Corporations aren’t people
Chico City Council is right to consider corporate personhood issue
Are corporations people? As one wag put it, “I’ll believe it when I see a corporation on death row.”
Joking aside, corporate personhood is a serious issue, and the Chico City Council was right to ask its Internal Affairs Committee to examine it. The IAC began its discussion on Feb. 14 and will continue it on March 13.
Specifically, the IAC is studying a request from former city Planning Commissioner Jon Luvaas that the City Council either adopt a resolution supporting an amendment to the U.S. Constitution ending the designation of corporations as “people,” as given in the U.S. Supreme Court’s controversial Citizens United decision, or put an advisory measure to that effect on the November 2012 ballot.
If the council does support Luvaas’ recommendation, Chico will join several other cities, including Los Angeles; Boulder, Colo.; Missoula, Mont.; and Madison, Wis., in calling for a constitutional amendment.
Some argue that corporate personhood is not an issue that involves Chico and that the council has no business wasting time considering it. But that’s a short-sighted view.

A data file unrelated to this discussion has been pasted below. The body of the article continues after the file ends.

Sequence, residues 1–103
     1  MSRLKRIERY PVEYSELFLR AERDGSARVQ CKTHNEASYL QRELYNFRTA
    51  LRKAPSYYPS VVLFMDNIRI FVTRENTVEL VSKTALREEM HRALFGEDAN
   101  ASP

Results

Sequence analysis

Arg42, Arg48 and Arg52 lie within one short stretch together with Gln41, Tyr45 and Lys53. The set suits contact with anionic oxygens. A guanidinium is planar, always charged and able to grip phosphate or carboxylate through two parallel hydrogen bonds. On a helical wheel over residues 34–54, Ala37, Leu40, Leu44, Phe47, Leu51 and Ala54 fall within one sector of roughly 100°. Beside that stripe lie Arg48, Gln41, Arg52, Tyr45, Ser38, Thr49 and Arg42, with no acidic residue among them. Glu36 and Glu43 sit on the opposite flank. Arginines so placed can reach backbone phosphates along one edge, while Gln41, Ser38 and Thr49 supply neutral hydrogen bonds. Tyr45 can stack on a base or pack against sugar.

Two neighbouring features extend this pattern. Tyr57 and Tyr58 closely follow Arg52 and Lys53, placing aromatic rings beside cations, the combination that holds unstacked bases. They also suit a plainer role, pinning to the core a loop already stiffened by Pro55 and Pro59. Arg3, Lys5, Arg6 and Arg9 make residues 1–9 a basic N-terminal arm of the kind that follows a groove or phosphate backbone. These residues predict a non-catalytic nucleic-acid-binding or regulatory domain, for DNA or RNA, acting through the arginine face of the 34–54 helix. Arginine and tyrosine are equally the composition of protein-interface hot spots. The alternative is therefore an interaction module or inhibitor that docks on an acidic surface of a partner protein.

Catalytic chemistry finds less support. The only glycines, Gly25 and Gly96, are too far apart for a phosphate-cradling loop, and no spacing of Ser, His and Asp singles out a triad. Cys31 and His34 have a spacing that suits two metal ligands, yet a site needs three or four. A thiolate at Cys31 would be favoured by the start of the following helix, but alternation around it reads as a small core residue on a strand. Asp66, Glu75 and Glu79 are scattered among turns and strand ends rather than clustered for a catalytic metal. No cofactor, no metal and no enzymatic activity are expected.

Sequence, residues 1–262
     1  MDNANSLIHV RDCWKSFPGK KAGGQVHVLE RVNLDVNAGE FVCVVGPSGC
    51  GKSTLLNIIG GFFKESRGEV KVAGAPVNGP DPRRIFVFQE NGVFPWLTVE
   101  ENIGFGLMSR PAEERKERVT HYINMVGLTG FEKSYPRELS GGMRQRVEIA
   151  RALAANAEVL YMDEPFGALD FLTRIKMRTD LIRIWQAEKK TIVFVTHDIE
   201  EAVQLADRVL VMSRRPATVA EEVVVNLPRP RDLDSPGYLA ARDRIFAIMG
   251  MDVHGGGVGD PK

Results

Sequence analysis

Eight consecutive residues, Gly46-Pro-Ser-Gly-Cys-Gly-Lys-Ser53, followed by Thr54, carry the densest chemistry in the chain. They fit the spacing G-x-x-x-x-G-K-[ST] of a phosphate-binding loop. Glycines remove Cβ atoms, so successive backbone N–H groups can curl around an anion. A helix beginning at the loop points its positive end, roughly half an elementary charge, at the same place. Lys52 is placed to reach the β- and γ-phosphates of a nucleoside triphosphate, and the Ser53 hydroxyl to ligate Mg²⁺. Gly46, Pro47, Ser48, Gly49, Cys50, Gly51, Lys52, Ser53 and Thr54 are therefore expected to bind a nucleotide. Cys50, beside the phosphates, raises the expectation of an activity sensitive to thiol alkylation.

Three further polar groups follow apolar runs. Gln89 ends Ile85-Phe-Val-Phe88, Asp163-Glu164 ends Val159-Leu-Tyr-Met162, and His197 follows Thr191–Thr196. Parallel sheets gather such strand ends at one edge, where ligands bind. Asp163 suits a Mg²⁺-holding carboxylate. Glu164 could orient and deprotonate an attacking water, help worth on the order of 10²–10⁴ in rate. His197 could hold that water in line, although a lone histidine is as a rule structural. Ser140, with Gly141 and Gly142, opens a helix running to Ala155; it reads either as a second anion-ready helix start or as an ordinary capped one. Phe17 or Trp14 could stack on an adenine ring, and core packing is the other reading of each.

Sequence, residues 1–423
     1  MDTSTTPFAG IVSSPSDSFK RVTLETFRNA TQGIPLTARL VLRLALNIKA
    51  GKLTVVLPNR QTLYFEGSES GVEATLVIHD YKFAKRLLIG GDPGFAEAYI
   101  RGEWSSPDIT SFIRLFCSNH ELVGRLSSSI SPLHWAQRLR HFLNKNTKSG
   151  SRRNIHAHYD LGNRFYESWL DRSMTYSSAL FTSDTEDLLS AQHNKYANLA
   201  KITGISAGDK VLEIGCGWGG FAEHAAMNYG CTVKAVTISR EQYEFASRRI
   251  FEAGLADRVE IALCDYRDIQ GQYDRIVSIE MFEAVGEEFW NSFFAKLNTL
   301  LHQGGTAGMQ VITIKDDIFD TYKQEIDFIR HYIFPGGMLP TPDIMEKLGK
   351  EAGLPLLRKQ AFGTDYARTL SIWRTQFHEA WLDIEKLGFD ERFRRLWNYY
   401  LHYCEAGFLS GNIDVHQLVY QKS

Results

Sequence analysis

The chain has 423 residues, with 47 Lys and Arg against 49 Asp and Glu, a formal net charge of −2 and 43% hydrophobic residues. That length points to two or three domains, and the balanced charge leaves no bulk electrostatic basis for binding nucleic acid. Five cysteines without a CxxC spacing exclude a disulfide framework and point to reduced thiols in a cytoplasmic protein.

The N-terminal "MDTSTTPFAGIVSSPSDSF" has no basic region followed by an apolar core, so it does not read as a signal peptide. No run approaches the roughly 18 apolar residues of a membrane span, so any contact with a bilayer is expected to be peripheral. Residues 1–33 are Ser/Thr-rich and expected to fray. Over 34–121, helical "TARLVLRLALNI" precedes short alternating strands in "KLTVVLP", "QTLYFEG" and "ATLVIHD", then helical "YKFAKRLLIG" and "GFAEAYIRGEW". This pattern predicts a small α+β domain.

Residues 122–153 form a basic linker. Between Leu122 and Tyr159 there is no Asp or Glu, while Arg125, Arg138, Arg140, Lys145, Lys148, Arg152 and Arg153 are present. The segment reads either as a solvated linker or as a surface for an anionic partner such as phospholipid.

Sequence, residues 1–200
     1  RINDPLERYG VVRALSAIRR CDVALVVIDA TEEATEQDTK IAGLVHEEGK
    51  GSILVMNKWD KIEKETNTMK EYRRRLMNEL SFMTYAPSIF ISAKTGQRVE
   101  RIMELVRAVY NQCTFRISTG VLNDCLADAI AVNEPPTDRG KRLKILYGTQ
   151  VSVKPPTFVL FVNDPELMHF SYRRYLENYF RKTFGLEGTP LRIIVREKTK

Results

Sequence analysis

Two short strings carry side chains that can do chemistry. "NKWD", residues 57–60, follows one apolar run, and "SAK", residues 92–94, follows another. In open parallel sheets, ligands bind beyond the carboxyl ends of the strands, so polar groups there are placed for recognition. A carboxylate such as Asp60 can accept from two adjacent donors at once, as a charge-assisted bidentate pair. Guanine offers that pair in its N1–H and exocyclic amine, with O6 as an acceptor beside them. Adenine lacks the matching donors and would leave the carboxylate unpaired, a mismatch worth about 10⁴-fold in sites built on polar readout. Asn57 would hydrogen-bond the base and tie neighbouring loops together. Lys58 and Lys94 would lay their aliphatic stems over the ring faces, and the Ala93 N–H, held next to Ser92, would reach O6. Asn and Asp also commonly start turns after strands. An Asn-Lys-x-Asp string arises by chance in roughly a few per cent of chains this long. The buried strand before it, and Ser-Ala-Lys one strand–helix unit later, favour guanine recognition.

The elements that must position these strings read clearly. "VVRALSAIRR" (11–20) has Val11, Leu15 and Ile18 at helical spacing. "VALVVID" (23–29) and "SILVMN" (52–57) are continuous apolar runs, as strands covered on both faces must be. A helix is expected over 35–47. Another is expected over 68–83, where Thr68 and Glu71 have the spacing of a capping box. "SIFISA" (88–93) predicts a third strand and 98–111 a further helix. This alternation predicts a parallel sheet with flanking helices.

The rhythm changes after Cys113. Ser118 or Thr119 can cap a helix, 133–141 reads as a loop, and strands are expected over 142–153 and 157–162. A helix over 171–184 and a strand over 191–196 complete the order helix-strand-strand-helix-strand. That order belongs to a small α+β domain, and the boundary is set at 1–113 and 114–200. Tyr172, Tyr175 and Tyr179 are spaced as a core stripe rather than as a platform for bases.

As Luvaas writes in his letter, “Corporations, for all their benefit to the economy, have progressively acquired power and rights that vastly exceed those of natural human beings. This accumulation of power has become the greatest threat to our democracy since its inception, and the inability or unwillingness of our national leaders to curtail abuse by major corporate powers has unleashed our current economic crisis.”
It was Wall Street corporations, after all, that caused the Great Recession and, with it, the loss of $7 trillion in household wealth and more than 8 million jobs. Chico has felt its share of that pain.
The immediate manifestation of the Citizens United decision is the rise of “super PACs” able to raise and spend unlimited amounts of money anonymously and without accountability. As the Republican presidential primary has shown, big donors have become far and away the most powerful force in elections. Jane Mayer, writing in The New Yorker, puts it this way: “In this campaign, every candidate needs his own billionaires.”
This is exactly what the Occupy movement has been protesting: more and more power in fewer and fewer hands. We all should take a stand against it, including the city of Chico.